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Online platforms to be legally responsible for fraudulent ads after UK government U-turn
08 March 2022 22:30
Google, Meta and other tech giants will be legally responsible for scam ads placed on their sites as the UK government announced today that it would heed months of calls to amend its online safety law.
A new legal requirement will be added to the UK’s draft Online Safety Bill, obliging the largest social media platforms and search engines to prevent fraudulent promotions from appearing on their sites. They face multimillion-pound fines or a block on their services if they breach the new laws.
The government made the announcement today. This followed countless calls, not only from consumer organizations and the UK’s financial services regulator to make tech companies legally responsible for the ads on their platforms, but also calls from banks, lawmakers and even celebrities.
The draft of the law disappointed campaigners when it was published in May 2021 but excluded the issue of financial crime. Lawmakers have been particularly unimpressed by its exclusion and the continued opposition by tech giants to amending the draft law, as they argue they are taking their own steps to tighten anti-fraud measures.
Lawmakers in two UK parliamentary committees have been visibly angry at representatives from companies — including Facebook's parent Meta, TikTok and Google — for prioritizing profit received from advertisements over checking the content of those promotions for potential fraud.
Leading parliamentarians have also called for the tech companies to refund scam victims for any losses — as well as reimburse the Financial Conduct Authority for the 1.2 million pounds ($1.6 million) it has spent to run advertisements on online platforms alongside the fraudulent ones to warn consumers of risks.
Although refunds for the British public aren't on the cards, the government said today that effectively any profit the tech companies receive for content will have to be assessed for potential scams. This includes ads containing financial promotions, fraudsters impersonating legitimate businesses, and fake companies. It also includes social media posts from users who have paid to have their content promoted more widely.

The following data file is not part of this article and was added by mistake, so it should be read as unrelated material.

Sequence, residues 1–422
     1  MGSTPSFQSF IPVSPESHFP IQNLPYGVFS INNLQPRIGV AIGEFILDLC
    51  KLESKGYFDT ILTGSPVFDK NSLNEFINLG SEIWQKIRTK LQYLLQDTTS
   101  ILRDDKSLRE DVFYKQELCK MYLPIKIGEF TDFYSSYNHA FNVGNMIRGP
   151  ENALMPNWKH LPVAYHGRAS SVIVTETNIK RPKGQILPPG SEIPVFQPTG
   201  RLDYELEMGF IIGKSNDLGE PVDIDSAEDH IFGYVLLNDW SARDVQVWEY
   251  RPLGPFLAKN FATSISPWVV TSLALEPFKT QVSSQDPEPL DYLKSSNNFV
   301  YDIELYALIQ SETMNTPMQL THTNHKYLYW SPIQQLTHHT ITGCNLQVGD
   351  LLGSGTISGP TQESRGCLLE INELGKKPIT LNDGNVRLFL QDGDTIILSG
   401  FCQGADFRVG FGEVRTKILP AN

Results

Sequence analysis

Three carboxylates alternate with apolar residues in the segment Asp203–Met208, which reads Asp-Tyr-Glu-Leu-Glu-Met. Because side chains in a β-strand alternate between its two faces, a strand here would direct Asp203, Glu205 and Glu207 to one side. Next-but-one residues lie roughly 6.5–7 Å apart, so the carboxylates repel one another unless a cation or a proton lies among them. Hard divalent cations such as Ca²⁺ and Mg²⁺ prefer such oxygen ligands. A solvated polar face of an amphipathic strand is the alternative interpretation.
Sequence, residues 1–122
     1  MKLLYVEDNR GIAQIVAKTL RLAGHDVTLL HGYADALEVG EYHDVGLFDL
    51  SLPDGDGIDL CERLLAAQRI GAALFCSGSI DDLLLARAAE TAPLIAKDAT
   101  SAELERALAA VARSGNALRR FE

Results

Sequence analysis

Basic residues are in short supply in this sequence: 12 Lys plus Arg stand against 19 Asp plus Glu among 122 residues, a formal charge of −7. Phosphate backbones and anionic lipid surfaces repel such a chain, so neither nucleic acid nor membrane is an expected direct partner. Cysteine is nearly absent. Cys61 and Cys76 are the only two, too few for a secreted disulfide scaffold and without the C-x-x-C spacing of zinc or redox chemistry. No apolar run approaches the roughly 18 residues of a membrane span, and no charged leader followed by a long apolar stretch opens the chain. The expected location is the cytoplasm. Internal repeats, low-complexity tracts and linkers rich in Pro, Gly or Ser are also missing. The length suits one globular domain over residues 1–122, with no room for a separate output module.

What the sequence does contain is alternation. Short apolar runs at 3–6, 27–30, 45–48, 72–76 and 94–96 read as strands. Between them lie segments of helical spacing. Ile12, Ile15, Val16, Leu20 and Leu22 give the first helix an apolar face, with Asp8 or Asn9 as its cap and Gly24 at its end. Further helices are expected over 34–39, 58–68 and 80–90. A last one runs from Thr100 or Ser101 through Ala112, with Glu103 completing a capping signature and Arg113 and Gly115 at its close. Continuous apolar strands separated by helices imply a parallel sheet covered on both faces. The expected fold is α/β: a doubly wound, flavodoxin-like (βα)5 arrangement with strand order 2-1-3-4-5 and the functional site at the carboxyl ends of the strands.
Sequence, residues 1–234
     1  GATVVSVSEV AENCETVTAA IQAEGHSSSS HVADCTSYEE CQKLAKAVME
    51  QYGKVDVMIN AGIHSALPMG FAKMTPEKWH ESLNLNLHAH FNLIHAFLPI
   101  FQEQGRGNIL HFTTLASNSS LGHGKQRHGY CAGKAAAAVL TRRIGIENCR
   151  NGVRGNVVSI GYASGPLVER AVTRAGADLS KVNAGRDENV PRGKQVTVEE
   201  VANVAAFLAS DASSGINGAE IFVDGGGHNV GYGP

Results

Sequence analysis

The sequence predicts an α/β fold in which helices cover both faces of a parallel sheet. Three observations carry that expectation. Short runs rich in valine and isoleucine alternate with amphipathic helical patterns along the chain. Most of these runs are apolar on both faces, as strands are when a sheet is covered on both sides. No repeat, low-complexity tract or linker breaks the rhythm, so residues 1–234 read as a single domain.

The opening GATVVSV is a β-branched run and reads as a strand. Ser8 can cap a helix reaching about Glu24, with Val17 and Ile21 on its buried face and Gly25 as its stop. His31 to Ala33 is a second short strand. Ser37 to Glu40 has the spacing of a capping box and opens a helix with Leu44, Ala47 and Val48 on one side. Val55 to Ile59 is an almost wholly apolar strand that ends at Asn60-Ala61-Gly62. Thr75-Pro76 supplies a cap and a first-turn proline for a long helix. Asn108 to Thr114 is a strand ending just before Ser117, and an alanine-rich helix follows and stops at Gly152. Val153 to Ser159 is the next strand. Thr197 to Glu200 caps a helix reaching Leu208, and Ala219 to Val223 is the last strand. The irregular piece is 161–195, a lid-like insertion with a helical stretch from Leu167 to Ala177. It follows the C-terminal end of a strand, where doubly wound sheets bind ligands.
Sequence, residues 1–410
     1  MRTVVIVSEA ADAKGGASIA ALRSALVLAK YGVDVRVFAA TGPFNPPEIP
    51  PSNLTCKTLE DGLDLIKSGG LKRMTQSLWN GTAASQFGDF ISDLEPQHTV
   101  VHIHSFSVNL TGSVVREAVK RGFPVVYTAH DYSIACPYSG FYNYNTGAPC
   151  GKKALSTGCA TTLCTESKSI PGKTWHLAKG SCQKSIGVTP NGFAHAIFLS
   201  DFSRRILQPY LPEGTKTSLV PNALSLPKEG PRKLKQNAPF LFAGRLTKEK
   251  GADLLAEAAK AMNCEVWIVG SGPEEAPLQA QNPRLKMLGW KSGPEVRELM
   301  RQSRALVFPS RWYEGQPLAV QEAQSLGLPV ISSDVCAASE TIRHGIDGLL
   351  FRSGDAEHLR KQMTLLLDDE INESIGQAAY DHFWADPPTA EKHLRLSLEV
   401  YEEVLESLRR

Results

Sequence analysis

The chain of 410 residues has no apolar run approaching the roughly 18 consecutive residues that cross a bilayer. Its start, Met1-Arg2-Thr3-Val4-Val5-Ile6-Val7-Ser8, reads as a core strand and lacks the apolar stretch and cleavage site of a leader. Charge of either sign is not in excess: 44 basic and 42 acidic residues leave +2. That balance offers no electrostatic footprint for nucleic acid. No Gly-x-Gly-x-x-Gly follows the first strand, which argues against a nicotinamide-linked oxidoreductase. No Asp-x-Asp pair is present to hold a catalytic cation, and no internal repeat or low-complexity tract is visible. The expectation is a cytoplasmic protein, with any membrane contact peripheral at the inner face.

While the exact wording of the law isn't yet known, the government said in its announcement that companies will need to put in place “proportionate systems” to prevent — or minimize, in the case of search engines — the publication of scam ads, and remove them if they are made aware of it.
UK communications regulator Ofcom will provide further details on how the platforms can fulfill their new duty in codes of practice. This would include measures such as requiring companies to scan for scam adverts before they go live, checking the identity of promoters, or ensuring that only firms authorized by the FCA can upload financial promotions.
As is the case for breaches of other parts of the online bill, Ofcom will be able to hold companies to account by blocking their services in the UK, or by issuing fines of up to 18 million pounds or 10 percent of annual revenue.
The change to the law will likely be welcome news to consumer campaigners and banks, which had taken umbrage with online companies’ ability to host scam ads without legal repercussions, while lenders often voluntarily refund their customers who have experienced fraud.
Martin Lewis, consumer campaigner and founder of MoneySavingExpert, had made repeated calls to the government to change its draft law. He said today that he is “thankful” the government has listened.
The change to the law was looking increasingly likely in recent months, with junior tech minister Chris Philp saying in January that including economic crime in the bill was an issue that had been “loudly heard” by the government. UK culture minister Nadine Dorries reiterated that message in today’s announcement, noting the government has “heard the calls to strengthen our new Internet safety laws.”
Separately, the government also opened today a wider consultation to strengthen rules around online advertising, not just relating to economic crime. Harmful or misleading adverts, including those promoting negative body images or illegal activities, could be subject to tougher sanctions under new proposals.
Individuals known as “influencers” who fail to declare they are being paid to promote products on social media sites could also face stronger penalties, the government said.
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